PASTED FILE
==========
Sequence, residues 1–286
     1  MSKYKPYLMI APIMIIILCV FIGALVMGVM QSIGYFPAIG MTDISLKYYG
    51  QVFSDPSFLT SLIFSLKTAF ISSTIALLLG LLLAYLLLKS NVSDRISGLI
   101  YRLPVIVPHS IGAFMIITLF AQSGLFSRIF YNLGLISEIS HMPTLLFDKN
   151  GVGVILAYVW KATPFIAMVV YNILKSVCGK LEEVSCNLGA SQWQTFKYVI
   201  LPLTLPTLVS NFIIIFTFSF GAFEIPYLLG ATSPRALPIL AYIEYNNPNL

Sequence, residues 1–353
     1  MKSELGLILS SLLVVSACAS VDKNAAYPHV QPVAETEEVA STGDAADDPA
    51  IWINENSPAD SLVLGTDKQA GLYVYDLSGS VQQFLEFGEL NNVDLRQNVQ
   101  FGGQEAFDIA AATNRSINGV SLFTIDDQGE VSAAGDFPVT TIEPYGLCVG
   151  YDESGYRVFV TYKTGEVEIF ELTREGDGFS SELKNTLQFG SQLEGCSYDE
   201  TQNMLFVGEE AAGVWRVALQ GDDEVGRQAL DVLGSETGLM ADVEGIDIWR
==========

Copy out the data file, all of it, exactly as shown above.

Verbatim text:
Sequence, residues 1–286
     1  MSKYKPYLMI APIMIIILCV FIGALVMGVM QSIGYFPAIG MTDISLKYYG
    51  QVFSDPSFLT SLIFSLKTAF ISSTIALLLG LLLAYLLLKS NVSDRISGLI
   101  YRLPVIVPHS IGAFMIITLF AQSGLFSRIF YNLGLISEIS HMPTLLFDKN
   151  GVGVILAYVW KATPFIAMVV YNILKSVCGK LEEVSCNLGA SQWQTFKYVI
   201  LPLTLPTLVS NFIIIFTFSF GAFEIPYLLG ATSPRALPIL AYIEYNNPNL

Sequence, residues 1–353
     1  MKSELGLILS SLLVVSACAS VDKNAAYPHV QPVAETEEVA STGDAADDPA
    51  IWINENSPAD SLVLGTDKQA GLYVYDLSGS VQQFLEFGEL NNVDLRQNVQ
   101  FGGQEAFDIA AATNRSINGV SLFTIDDQGE VSAAGDFPVT TIEPYGLCVG
   151  YDESGYRVFV TYKTGEVEIF ELTREGDGFS SELKNTLQFG SQLEGCSYDE
   201  TQNMLFVGEE AAGVWRVALQ GDDEVGRQAL DVLGSETGLM ADVEGIDIWR